Saturday, July 31, 2010

Japanese Bunka

Bunka means culture in Japanese. And oh boy, they had butt-loads of bunka! When I think of Japanese culture, the first thing I think about is shrines and temples! The shrines and temples of Japan burst with history and nostalgia so we made our way to a popular shrine up near Harajuku - a 10 minute bus ride to Shibuya then a quick subway ride to Harajuku. The only reason I knew about Harajuku is because of that Gwen Stefani song, "Harajuku girls". The moment we got off the subway, I knew why Gwen wanted to sing a song about this place. The most popular shopping area is on Takeshita dori, which is the first thing you see when you leave Harajuku Station. There's a narrow little road that is bustling with people, vibrant colors, and LOTS of young people. It looks like the highschooler hang out. Steve and I didn't spend much time here other than walking down the little street.

It was about a five minute walk to the shrine although it took us about half an hour to get our bearings and realize that the shrine was on the other side of the subway station, right where we were!  Meiji Jingu, a Shinto shrine is dedicated to the divine souls of Emperor Meiji and his Empress Shoken. The entrance to the grounds is very impressive, with a large Torii (shrine archway) leading the way down a wide path surrounded by thousands of trees. The shrine is surrounded by 175 acres of forest with more than 170,000 trees!!

Before entering the shrine, it is proper etiquette to use the Temizuya. It is a small, covered building with a trough and running water. To pay respect to the deities, you must rinse your left hand with the water, rinse your right hand, pour water into your left hand, rinse your mouth, rinse your left hand again, rinse the dipper and allow the remaining water to run down the handle of the dipper.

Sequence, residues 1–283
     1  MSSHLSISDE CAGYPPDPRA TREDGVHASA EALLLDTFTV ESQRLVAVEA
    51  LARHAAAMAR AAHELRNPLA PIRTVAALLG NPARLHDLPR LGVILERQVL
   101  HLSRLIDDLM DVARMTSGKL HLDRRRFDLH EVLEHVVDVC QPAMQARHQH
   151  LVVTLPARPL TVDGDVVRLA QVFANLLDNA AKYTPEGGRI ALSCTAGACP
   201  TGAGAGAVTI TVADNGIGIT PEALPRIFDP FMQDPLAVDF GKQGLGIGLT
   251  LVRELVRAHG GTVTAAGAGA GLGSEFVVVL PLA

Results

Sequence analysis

I read about this before going to Japan, but completely forgot about it when we got there and didn't even see the Temizuya until our way out!! Yikes, bad karma?! But I did remember another ritual inside the shrine. At the main shrine building, you can pay respect by making an offering in an offertory box. So we walked up, put in a few Japanese pennies, bowed twice, clapped our hands twice, made a wish, and bowed again. Haha! How cool is that?! Sneaking a peek at the others inside the shrine, all we saw was bowing and all we heard was clapping. It was the coolest thing ever.

I think the best part about Meiji Jingu was the architecture and great attention to detail. There were so many beautifully handcrafted wooden carvings. Like the rest of Tokyo, everything was just so pretty, perfect, and clean.

There was a wedding starting when we were visiting the shrine. I tried to sneak a peak of the bride getting ready but I felt like was intruding on her special day, so I only got one shot of the couple as they were entering the shrine with the photographer. The bride wore a traditional Japanese wedding dress called a shiro-maku. It was beautiful! The guests were dressed in similar attire to American weddings, with the exception of some older women dressed in colorful kimonos.

On another day we decided to venture out around our hotel area through the neighborhoods. We came across a little garden next to a traditional looking Japanese building in the middle of a modern neighborhood. We realized it was a museum! The Okura Museium of Art features collections from a Buddhist named Kihachiro Okura who established the museum to hold and display his treasures. He was a weapons dealer in the mid 1800's and later founded the Tokyo University of Economics. He also developed a hotel chain and collected many Japanese paintings that he added to the museum. Although a small museum, the paintings and sculptures were gorgeous and really told a story. Once inside, we learned that we were in the "Art Triangle"  of Roppongi and we received a map with two other museums nearby to check out. It was like a scavenger hunt looking for them as we tried to interpret the Japanese map!

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